Top Thoroughbred owner Ahmed Zayat announced Thursday that his stable has reached a settlement with Fifth Third Bank, ending legal wrangling that at one time ensnared a Kentucky Derby hopeful.
The proposed settlement calls for a restructuring of Zayat's loans with Fifth Third that spreads out payments over nearly five years. In an interview, Zayat said the settlement is close to his stable's initial bankruptcy reorganization plan.
He said the settlement allows him to manage the stables as he sees fit, noting, "I can buy and sell and expand and do whatever I want."
Under the settlement, Fifth Third would not stand in the way of the reorganization plan, ending a series of objections it had filed. The settlement calls for Zayat Stables to pay down the principal of $28.15 million that will remain on the loans as of June 30. As the years pass, Zayat Stables will pay Fifth Third a flat fee on the loans or a certain amount as determined by factors including proceeds from the sale of horses during the year.
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The settlement deal will be considered by the bankruptcy court in Newark, N.J., on Wednesday.
Zayat Stables declared bankruptcy in New Jersey in February to block a move by Fifth Third to take over the stable of more than 200 horses, including onetime Kentucky Derby hopeful Eskendereya. A week before that race, the colt was pulled out with an injury and later was retired from racing. Zayat announced last month that he had sold a partial interest in the horse to wine maker Jess Jackson. Proceeds from that already have been used to help pay down the loans.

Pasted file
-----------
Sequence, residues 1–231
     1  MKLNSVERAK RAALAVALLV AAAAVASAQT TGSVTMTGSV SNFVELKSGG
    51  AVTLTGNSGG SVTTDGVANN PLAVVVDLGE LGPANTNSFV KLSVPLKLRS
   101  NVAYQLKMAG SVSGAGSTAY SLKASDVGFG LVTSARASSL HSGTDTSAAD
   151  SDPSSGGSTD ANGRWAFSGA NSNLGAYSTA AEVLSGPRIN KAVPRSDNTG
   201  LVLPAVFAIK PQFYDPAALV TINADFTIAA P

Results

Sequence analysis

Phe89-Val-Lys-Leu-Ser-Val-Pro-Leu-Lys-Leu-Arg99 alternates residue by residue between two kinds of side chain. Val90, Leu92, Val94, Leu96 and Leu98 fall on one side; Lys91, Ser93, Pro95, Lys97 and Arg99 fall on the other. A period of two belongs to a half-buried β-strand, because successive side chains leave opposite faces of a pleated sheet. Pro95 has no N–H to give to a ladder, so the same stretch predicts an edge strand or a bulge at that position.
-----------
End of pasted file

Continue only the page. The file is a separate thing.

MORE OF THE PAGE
Zayat has retained a significant share and breeding interests in Eskendereya, who is at Jackson's Stonestreet Farm in Lexington.
Zayat's stable, established in 2005, is one of the most successful in the country. As of Thursday, Zayat Stables was the second-leading owner in the country with more than $2.04 million in earnings in 2010, according to Equibase statistics. Last year, Zayat's Pioneerof the Nile finished second in the Kentucky Derby, and the stable made more than $6.3 million on the track alone.
"We have one of the best equine stables, and I'm going to continue to operate as I see fit and build on our success," Zayat said Thursday.
A representative of Fifth Third said the bank declined to comment on the settlement.
The settlement comes after a decision recently by bankruptcy Judge Donald H. Steckroth that called for creditors to vote on the reorganization plan, above the objections of Fifth Third.
The settlement also will end wrangling in U.S. District Court in Lexington, where Fifth Third had sued Zayat, alleging he defaulted on loans he had guaranteed personally. Fifth Third was later countersued on claims that the bank reneged on an agreement to restructure the loans, costing Zayat thousands in potential sales at Keeneland's 2009 auctions.
Tom Miller, a Lexington attorney whose specialties include equine law but who is not involved in the case, said the settlement is a positive for the industry, which has struggled during the recession.
"The industry has enough internal problems that neither the adverse publicity nor the infighting is good," Miller said, "and Mr. Zayat is one of the most successful racehorse owners, and we want him and others ... to continue to invest in them."